When Sandy Petram saw the dark red smoke from the McKinley fire blowing over her home near Sheep Creek Lodge last Sunday (Aug. 18), at first she wasn’t worried. “Looking at the flames and the red clouds, we knew it was close,” she said. She wasn’t yet concerned because she and her husband, Pete, had spent the last 20 years working to create defensible space around their home, which they had homesteaded in the late 1970s.
Taking a lesson from the devastating 1996 Millers Reach fire, which burned over 300 structures near Houston, the Petrams painstakingly cleared trees from around their property, even going as far as hiring a contractor to take out all but one spruce tree from their 20 acres. “It was kind of our Christmas tree,” said Pete.
When they finally evacuated on Sunday, Pete and Sandy had no idea if they would ever see their Christmas tree, or their house, again. “Around 4 p.m. or so, my wife heard a big explosion,” said Pete, “which was probably the propane tank at Camp Caswell exploding.”
They grabbed their dogs and loaded them into their car, which was already packed, and began to drive the third of a mile from their house to the highway. “By the time we got into the car and started down the driveway, the trees were already torching across the top of the driveway.”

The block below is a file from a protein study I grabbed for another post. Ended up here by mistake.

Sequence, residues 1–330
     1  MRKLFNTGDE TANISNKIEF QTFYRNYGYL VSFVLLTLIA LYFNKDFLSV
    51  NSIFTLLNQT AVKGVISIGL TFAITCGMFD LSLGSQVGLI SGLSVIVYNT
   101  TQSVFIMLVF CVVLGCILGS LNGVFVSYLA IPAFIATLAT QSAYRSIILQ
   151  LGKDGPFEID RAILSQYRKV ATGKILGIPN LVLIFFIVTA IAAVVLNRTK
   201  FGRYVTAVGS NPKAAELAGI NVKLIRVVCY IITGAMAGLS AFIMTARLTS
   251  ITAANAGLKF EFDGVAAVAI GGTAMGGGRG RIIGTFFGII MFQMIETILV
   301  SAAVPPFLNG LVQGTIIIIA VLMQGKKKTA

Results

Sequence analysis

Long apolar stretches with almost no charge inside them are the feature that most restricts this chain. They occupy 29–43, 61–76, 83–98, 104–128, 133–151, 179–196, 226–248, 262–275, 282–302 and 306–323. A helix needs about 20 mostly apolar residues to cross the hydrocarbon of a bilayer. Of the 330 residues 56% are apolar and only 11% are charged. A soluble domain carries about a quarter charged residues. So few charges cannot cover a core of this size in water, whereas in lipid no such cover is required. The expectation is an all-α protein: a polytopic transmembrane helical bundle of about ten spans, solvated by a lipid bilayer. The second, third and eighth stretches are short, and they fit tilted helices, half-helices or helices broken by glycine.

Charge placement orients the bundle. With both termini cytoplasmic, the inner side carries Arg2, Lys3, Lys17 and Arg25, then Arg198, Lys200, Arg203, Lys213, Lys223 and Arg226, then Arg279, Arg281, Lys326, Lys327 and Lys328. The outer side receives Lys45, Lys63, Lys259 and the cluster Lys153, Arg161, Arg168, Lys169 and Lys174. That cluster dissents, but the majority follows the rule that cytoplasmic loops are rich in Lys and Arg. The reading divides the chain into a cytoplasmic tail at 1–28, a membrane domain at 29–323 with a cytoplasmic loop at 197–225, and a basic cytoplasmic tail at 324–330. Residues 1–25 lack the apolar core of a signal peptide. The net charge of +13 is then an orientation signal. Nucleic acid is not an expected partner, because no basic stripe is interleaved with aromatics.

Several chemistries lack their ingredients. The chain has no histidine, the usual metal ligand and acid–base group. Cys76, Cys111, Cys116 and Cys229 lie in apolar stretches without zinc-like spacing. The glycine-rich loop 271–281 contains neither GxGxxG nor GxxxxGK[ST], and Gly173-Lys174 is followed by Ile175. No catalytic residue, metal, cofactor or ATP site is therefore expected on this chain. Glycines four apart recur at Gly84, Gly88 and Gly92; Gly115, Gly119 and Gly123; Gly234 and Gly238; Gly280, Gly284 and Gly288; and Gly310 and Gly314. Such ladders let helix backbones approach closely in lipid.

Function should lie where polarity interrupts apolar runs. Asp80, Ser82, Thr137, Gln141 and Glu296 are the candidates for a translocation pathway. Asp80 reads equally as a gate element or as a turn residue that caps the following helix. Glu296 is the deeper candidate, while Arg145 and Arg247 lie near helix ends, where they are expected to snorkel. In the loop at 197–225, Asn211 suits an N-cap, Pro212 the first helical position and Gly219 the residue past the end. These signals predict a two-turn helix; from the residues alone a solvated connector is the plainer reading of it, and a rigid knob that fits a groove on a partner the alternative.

A video that Sandy recorded as they drove to the highway shows them driving into what looks like a wall of fire. Sandy says she could feel her door getting hot as they drove through the inferno, finally making it to the highway without a moment to spare.
Officials say the McKinley fire has destroyed 51 homes, three businesses and 84 outbuildings since it started last Saturday north of Wasilla. Gov. Dunleavy issued a disaster declaration Friday for the Matanuska-Susitna and Kenai Peninsula boroughs, a move that opens up aid to residents affected by the McKinley fire and others burning across Southcentral Alaska.
Driving back to their house Tuesday, Pete was relieved to see his home and outbuildings still standing. “It was a relief to realize that everything we had done paid dividends,” he said.
On Friday, Sandy was picking raspberries from her garden and weeding a row of rhodiola. A birch tree not far behind her was still smoldering at the roots. For her neighbors, it’s not all good news: Their neighbor to the east lost everything. Just 100 feet from Pete and Sandy’s property line, the fire burned so hot that it melted the windshield in a car.
“My neighbor to the north, his strawberries and raspberries have a coating of retardant on them,” Pete said. “But he is grateful for that.”